<p>and then again, there are geniuses. and they usually turn out to be someone you don't expect</p>

<p>PS - quantum mechanics is evil. they already proved nutrinos can move faster than light, so e=mc2 isn't so universal anymore. makes you think how much of quantum is going to turn out to be false.</p>

<p>Most of my exams are equation based, so anyone finishing quite early is an abnormality. The ones I have that are multiple choice on are usually quick for me, because theres not a whole lot you can re-check (except for my physics exams, which still for the most part required actually solving to get the correct answers as opposed to reasonable guessing).</p>

<p>Actually mrund3rd09, those neutrinos you are talking back turned out to in fact not be faster than light, and thus e=mc^2 still holds. The scientists didn't take into account the curvature of the earth into their calculations.</p>

<p>Remember</a> those faster-than-light neutrinos? Great, now forget 'em -- Engadget</p>

<p>I think it depends on the subject. My best subject has consistently been Spanish, and even in AP, I didn't have to study and I'd just whiz through the tests and quizzes and finish with a reasonable amount of time left. It comes naturally to me, and once I learn it for the first time, I don't have to study it again, although that will probably change when I take Advanced Spanish next semester.</p>

<p>For other subjects, it's a completely different story. I always finish English and History exams toward the end, because it takes a while for me to plan out my essay in my head and then write it the way I want to write it. I'm not a natural at math and I can't immediately link hard concepts together, so math and chemistry exams always take me down to the wire, unless it's really easy, or something.</p>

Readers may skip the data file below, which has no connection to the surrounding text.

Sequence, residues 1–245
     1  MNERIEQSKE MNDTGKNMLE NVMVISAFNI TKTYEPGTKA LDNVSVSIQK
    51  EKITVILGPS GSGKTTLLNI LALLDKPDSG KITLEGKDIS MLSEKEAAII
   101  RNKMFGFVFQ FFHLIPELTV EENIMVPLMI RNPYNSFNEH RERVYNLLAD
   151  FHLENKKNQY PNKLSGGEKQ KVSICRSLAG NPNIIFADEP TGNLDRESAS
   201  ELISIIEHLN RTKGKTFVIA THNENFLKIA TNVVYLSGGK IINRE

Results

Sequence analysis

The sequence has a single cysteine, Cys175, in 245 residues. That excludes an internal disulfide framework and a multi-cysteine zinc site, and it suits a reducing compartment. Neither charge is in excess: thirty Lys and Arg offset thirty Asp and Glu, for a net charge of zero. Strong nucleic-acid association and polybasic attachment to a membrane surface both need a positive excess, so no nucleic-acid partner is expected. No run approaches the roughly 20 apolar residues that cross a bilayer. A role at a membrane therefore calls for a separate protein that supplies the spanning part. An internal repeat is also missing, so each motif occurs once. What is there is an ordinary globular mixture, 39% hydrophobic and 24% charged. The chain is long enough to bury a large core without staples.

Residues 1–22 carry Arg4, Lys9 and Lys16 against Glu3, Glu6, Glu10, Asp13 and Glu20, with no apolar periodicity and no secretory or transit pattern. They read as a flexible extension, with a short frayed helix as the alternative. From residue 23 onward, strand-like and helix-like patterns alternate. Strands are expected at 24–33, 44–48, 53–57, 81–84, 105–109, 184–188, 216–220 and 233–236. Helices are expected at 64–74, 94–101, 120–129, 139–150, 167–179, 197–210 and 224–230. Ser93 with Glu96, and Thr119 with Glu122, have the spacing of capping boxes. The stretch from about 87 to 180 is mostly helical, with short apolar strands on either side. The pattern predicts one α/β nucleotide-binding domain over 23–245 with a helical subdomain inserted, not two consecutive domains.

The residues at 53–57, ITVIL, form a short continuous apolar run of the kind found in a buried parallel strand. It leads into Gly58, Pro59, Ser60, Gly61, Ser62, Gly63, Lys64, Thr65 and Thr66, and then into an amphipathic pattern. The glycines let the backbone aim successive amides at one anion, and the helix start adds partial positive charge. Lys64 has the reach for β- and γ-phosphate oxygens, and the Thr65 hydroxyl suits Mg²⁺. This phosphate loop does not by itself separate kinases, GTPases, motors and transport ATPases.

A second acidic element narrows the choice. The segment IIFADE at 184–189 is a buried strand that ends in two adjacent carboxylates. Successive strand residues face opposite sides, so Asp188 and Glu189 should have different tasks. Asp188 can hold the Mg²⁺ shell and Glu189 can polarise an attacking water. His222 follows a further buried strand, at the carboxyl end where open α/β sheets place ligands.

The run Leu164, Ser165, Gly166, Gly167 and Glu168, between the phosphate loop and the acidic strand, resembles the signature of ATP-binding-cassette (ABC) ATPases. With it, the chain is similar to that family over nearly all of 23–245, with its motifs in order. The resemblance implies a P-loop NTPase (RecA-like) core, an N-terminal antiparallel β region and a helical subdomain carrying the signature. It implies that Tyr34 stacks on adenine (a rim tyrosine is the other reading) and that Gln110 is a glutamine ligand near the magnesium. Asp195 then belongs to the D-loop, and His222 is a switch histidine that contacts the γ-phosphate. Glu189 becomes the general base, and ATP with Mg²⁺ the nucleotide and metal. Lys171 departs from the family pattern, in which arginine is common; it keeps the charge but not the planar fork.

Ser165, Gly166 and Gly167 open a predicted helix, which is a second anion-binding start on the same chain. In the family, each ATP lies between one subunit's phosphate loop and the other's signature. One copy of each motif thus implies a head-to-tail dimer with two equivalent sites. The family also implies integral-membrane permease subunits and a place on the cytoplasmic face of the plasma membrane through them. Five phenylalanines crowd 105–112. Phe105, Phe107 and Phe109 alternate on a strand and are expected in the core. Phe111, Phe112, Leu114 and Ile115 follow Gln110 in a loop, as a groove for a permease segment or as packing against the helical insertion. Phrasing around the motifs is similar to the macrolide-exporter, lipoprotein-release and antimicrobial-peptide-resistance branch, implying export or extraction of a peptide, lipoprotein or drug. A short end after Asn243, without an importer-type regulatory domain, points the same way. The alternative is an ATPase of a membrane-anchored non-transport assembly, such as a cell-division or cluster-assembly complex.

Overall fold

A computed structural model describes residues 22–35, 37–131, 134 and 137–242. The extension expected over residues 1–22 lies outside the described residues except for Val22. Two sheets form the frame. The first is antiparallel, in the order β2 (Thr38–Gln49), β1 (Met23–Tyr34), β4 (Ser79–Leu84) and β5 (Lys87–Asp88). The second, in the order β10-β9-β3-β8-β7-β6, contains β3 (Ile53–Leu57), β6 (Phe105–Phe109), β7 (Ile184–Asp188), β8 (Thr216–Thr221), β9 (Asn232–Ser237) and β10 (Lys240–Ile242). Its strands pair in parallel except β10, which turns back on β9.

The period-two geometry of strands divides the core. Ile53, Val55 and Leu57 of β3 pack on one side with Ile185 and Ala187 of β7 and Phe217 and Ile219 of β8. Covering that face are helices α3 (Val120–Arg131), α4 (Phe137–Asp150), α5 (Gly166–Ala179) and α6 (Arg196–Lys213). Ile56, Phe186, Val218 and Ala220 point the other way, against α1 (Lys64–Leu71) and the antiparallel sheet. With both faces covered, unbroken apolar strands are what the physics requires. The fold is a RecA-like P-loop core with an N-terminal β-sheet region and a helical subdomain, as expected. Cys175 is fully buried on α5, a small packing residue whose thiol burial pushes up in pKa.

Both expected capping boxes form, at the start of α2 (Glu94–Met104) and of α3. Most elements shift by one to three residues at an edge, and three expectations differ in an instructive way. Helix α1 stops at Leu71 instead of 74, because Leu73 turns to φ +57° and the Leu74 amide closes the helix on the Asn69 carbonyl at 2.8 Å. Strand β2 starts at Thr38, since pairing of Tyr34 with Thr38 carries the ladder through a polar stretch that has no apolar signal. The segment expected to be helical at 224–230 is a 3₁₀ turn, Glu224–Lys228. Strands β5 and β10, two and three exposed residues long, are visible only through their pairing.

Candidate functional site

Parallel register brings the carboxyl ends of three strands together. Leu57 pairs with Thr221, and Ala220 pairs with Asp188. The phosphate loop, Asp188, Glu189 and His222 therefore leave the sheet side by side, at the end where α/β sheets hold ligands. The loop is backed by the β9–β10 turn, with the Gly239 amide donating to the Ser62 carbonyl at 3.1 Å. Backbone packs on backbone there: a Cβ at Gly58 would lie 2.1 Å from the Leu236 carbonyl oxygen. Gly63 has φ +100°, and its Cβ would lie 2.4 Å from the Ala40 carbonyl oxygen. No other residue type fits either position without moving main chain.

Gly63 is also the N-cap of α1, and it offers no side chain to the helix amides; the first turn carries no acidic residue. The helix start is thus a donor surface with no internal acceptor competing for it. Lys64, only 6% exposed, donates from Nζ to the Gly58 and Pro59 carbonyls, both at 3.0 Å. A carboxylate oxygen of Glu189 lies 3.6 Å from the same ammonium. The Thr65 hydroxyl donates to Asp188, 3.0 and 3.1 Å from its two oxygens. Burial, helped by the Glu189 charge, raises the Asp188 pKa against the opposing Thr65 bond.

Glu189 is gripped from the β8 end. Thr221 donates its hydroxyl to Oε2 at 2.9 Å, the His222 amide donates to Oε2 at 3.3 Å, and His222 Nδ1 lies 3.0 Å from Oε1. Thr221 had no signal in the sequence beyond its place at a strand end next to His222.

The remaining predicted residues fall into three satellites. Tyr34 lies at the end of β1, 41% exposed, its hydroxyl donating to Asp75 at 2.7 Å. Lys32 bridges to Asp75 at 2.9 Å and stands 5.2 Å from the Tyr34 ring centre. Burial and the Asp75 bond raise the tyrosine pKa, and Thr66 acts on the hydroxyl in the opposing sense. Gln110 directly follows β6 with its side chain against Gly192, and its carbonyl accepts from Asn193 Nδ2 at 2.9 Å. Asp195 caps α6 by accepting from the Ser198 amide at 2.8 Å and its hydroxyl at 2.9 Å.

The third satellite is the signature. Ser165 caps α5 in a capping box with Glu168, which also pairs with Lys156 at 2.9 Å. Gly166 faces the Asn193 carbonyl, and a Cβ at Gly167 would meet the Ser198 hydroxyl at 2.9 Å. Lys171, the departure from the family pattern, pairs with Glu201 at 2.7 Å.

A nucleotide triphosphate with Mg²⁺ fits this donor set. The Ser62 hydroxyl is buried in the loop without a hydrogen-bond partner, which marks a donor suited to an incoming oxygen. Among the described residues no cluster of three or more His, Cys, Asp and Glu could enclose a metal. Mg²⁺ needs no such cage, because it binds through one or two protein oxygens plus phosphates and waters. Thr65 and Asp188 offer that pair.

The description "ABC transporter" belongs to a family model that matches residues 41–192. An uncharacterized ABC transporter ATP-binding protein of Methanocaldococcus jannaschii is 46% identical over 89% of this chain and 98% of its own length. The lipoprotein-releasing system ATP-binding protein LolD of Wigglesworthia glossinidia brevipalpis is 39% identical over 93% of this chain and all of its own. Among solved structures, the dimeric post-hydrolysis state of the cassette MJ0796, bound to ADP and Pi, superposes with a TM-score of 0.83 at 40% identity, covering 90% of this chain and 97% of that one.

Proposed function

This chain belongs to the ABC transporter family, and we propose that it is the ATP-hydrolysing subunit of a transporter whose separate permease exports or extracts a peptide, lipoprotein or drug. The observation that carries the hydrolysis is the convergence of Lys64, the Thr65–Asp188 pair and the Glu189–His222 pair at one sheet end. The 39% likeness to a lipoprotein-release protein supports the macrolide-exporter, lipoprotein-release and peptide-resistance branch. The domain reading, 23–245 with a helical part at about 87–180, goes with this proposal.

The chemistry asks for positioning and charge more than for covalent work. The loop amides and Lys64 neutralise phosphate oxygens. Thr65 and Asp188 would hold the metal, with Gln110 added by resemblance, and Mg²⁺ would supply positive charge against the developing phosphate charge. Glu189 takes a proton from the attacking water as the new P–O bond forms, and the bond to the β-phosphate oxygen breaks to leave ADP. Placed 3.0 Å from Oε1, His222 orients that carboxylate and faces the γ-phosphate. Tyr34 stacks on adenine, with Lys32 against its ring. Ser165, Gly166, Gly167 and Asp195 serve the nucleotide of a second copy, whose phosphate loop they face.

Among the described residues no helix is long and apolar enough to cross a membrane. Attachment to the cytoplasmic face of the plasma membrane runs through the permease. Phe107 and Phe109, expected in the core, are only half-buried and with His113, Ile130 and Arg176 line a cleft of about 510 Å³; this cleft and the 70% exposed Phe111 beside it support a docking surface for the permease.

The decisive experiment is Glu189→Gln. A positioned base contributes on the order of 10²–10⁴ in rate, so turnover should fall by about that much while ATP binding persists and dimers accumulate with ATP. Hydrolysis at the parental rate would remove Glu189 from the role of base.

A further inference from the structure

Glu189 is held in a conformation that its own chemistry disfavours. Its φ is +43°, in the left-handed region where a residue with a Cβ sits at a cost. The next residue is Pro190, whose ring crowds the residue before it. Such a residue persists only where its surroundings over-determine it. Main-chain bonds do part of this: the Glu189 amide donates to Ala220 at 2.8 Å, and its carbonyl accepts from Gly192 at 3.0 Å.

<p>It really depends. People will of course finish exams faster if they know the material or if the exam format is one that allows for fast completion, like memorization oriented MCQ exams. I breeze through my CS exams pretty quickly, but for, say, math, I'll take longer because I know I'm prone to making silly mistakes if I work too quickly, plus I like to check my work a few times. Each to their own. Just because someone finishes faster doesn't necessarily mean they are "smarter" then you are.</p>

<p>Idk why it matters so much to finish early, its not like you get a special trophy and unlock achievements. I always finish early on exams but I choose not to be a showoff and use the rest of my time going thoroughly through my question to make sure I'm 100% right.</p>

<p>^ I'm the same way. On most of my exams I finish answering all the questions in a fraction of the time available, but I usually stay around for a long time anyway for two reasons: First, because doing so won't reduce my score and might improve it, and second, because that way I am not advertising the fact that I found the exam easy, which makes it less likely that people will pester me for help/answers.</p>

<p>
[quote]
Actually mrund3rd09, those neutrinos you are talking back turned out to in fact not be faster than light, and thus e=mc^2 still holds. The scientists didn't take into account the curvature of the earth into their calculations.</p>

<p>Remember those faster-than-light neutrinos? Great, now forget 'em -- Engadget

[/quote]
</p>

<p>thanks. I still hate quantum though</p>

<p>I've always taken longer than most to finish exams. I like to go back and recheck the work to make sure I didn't make any mistakes. I also find that if I don't immediately know an answer, if I think about it a little bit, then I can reason that some of the answers are definitely wrong (in a MC scenario), which helps my odds. Even in my Spanish class where our exams are written, in-class essays, I'm usually the last to finish. I don't think I've been one of the first done in a class since high school, TBH.</p>

<p>From my experience, those who finish the absolute earliest either did poorly or gave up because they didn't know the material. I'm sure that's not the case all across the board, but I haven't seen much evidence to the contrary.</p>